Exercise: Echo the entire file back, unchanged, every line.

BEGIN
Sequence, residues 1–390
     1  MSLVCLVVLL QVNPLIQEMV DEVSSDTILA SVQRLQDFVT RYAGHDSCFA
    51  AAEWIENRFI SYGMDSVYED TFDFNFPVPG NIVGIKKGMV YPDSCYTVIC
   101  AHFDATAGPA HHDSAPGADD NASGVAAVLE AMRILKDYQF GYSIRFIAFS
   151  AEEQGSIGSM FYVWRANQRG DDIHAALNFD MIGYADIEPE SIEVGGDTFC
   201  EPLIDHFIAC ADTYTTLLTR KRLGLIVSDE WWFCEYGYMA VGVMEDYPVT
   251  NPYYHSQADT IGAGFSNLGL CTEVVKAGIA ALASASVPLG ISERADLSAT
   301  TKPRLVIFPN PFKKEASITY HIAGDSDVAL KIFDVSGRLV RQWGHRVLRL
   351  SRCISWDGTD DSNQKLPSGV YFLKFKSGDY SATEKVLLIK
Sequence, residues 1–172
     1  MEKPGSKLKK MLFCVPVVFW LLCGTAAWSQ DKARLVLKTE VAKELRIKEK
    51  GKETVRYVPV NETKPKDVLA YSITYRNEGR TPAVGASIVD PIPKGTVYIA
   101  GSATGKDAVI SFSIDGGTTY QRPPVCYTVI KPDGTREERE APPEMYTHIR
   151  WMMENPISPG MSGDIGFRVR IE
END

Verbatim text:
Sequence, residues 1–390
     1  MSLVCLVVLL QVNPLIQEMV DEVSSDTILA SVQRLQDFVT RYAGHDSCFA
    51  AAEWIENRFI SYGMDSVYED TFDFNFPVPG NIVGIKKGMV YPDSCYTVIC
   101  AHFDATAGPA HHDSAPGADD NASGVAAVLE AMRILKDYQF GYSIRFIAFS
   151  AEEQGSIGSM FYVWRANQRG DDIHAALNFD MIGYADIEPE SIEVGGDTFC
   201  EPLIDHFIAC ADTYTTLLTR KRLGLIVSDE WWFCEYGYMA VGVMEDYPVT
   251  NPYYHSQADT IGAGFSNLGL CTEVVKAGIA ALASASVPLG ISERADLSAT
   301  TKPRLVIFPN PFKKEASITY HIAGDSDVAL KIFDVSGRLV RQWGHRVLRL
   351  SRCISWDGTD DSNQKLPSGV YFLKFKSGDY SATEKVLLIK
Sequence, residues 1–172
     1  MEKPGSKLKK MLFCVPVVFW LLCGTAAWSQ DKARLVLKTE VAKELRIKEK
    51  GKETVRYVPV NETKPKDVLA YSITYRNEGR TPAVGASIVD PIPKGTVYIA
   101  GSATGKDAVI SFSIDGGTTY QRPPVCYTVI KPDGTREERE APPEMYTHIR
   151  WMMENPISPG MSGDIGFRVR IE